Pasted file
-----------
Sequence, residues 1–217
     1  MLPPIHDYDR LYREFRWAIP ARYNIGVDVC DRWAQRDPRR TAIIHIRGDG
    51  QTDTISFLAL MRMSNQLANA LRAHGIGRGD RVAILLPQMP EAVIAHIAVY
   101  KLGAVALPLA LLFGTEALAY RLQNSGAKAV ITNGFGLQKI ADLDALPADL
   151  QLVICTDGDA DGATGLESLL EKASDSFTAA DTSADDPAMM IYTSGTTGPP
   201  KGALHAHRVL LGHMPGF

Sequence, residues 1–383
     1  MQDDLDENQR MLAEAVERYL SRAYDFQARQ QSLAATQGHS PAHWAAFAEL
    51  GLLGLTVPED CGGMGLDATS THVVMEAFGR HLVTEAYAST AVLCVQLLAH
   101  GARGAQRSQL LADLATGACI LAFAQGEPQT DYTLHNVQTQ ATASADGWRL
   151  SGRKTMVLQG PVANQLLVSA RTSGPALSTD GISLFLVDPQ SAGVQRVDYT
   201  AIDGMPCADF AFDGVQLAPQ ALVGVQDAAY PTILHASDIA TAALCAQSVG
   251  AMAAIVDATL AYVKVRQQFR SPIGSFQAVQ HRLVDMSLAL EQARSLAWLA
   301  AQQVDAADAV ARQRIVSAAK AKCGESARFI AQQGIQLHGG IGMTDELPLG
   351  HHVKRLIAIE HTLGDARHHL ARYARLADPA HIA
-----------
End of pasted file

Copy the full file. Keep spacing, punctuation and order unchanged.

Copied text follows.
Sequence, residues 1–217
     1  MLPPIHDYDR LYREFRWAIP ARYNIGVDVC DRWAQRDPRR TAIIHIRGDG
    51  QTDTISFLAL MRMSNQLANA LRAHGIGRGD RVAILLPQMP EAVIAHIAVY
   101  KLGAVALPLA LLFGTEALAY RLQNSGAKAV ITNGFGLQKI ADLDALPADL
   151  QLVICTDGDA DGATGLESLL EKASDSFTAA DTSADDPAMM IYTSGTTGPP
   201  KGALHAHRVL LGHMPGF

Sequence, residues 1–383
     1  MQDDLDENQR MLAEAVERYL SRAYDFQARQ QSLAATQGHS PAHWAAFAEL
    51  GLLGLTVPED CGGMGLDATS THVVMEAFGR HLVTEAYAST AVLCVQLLAH
   101  GARGAQRSQL LADLATGACI LAFAQGEPQT DYTLHNVQTQ ATASADGWRL
   151  SGRKTMVLQG PVANQLLVSA RTSGPALSTD GISLFLVDPQ SAGVQRVDYT
   201  AIDGMPCADF AFDGVQLAPQ ALVGVQDAAY PTILHASDIA TAALCAQSVG
   251  AMAAIVDATL AYVKVRQQFR SPIGSFQAVQ HRLVDMSLAL EQARSLAWLA
   301  AQQVDAADAV ARQRIVSAAK AKCGESARFI AQQGIQLHGG IGMTDELPLG
   351  HHVKRLIAIE HTLGDARHHL ARYARLADPA HIA